Author

Krans

Date of Award

4-1995

Degree Name

Master of Science in Engineering

Department

Electrical and Computer Engineering

Second Advisor

Harrison W. Greenwood

Third Advisor

Thomas F. Piatkowski

Access Setting

Masters Thesis-Open Access

Abstract

Hardware/software codesign is an increasingly popular method for improving system performance and adaptability while minimizing cost. The goal of this design approach is to achieve the desired system characteristics (performance, fault tolerance, cost, power consumption, etc.) by carefully distributing the system functions among hardware and software components. Popular tools for describing this dual hardware/software functionality are behavioral languages such as C++ and Ada. These languages typically include facilities for both traditional sequential programming as well as behavioral modeling.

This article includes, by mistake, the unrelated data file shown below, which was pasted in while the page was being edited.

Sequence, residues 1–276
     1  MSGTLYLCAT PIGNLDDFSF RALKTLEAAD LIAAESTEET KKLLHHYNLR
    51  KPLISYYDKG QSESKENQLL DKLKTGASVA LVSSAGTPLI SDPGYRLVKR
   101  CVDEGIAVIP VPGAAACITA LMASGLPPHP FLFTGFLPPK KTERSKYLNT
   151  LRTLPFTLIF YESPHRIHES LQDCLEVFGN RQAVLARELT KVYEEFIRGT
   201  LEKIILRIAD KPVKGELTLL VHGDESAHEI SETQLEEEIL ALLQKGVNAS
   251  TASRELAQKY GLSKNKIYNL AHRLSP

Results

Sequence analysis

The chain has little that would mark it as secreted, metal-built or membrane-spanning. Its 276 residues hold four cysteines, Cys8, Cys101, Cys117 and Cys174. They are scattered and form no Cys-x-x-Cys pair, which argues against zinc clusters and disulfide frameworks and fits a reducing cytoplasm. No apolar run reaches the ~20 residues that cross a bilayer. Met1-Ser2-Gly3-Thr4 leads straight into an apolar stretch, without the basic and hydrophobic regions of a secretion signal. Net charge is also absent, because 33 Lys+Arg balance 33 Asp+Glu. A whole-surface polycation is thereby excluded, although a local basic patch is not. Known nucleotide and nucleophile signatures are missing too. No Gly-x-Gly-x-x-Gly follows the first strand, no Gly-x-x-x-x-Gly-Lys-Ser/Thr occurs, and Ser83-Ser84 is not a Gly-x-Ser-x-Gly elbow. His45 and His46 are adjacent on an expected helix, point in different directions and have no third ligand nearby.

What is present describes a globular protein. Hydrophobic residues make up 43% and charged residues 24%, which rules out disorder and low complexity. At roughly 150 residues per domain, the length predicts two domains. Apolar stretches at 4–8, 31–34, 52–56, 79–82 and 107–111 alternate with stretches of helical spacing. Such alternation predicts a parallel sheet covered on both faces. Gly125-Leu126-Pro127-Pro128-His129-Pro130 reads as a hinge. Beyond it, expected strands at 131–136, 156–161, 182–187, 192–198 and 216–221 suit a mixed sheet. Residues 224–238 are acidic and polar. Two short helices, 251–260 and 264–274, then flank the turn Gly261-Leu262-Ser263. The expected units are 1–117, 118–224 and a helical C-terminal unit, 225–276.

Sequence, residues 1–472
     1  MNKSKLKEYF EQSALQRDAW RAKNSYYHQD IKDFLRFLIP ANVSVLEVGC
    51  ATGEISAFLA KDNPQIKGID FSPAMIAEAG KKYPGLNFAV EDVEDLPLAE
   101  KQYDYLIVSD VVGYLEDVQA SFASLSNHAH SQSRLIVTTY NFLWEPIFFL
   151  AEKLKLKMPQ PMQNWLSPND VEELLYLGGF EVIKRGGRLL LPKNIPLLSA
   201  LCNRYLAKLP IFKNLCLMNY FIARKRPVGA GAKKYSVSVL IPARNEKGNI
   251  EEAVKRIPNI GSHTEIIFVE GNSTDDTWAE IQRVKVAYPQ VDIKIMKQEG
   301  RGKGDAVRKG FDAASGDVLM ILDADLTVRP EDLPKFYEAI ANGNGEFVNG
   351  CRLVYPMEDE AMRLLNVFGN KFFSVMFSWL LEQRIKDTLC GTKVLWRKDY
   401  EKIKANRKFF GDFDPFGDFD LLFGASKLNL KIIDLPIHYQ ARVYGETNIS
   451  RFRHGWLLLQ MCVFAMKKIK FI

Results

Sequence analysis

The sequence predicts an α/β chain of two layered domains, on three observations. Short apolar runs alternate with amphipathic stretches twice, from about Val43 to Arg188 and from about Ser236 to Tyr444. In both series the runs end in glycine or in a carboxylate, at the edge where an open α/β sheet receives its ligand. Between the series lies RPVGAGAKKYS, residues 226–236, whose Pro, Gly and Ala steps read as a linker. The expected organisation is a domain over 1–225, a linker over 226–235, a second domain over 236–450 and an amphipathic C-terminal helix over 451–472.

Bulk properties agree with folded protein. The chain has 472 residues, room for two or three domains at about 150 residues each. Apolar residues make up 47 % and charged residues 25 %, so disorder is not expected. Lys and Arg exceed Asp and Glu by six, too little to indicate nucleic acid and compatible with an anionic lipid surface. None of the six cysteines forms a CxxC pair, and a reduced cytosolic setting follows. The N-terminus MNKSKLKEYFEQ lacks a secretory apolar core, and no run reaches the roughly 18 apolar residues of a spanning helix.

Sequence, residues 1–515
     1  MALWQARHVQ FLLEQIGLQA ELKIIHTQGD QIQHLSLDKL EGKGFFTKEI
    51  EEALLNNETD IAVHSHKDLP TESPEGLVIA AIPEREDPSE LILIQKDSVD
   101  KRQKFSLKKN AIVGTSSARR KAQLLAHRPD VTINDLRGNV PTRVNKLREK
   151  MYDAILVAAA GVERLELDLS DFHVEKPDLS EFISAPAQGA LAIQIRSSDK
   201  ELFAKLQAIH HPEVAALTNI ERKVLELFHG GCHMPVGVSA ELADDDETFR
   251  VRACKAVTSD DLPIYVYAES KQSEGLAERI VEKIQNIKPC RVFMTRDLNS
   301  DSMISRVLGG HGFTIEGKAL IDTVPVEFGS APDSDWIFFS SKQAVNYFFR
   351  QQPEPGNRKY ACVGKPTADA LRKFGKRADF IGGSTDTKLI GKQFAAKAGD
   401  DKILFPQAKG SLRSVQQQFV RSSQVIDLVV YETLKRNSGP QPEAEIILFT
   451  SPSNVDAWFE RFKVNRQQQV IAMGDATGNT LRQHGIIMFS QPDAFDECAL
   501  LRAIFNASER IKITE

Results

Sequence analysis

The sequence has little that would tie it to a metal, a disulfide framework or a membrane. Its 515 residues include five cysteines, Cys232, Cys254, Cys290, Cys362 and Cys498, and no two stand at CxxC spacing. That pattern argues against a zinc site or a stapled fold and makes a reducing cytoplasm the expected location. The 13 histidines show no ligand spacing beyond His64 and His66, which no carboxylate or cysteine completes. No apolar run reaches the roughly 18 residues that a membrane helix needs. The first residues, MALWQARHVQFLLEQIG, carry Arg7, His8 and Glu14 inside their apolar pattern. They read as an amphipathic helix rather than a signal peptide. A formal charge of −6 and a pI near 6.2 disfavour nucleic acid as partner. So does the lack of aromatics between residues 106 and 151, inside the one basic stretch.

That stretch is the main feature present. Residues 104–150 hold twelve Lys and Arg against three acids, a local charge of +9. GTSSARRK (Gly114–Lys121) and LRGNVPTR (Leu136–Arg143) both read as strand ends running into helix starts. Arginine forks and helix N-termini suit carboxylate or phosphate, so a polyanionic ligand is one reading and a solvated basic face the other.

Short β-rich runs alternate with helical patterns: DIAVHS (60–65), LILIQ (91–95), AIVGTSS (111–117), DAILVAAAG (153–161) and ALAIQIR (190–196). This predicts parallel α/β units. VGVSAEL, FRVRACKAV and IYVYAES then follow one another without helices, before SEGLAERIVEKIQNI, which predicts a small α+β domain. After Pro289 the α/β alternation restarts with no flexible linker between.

This thesis examines the effectiveness of occam as a behavioral language and its role in hardware/software codesign. The occam language is used to model the FPGA based CHS2x4 Custom Computer along with the its configuration and control software. The system model is verified through extensive fine and coarse grain simulations of the occam code, and the results are compared with experimental results from the CHS2x4. Through the verification and simulation results, it is shown that the occam programming language can successfully model both software and system hardware. Alternatively, through the modeling and simulation of an FPGA based system, it is also shown that FPGA systems themselves are well suited for implementing software with hardware.

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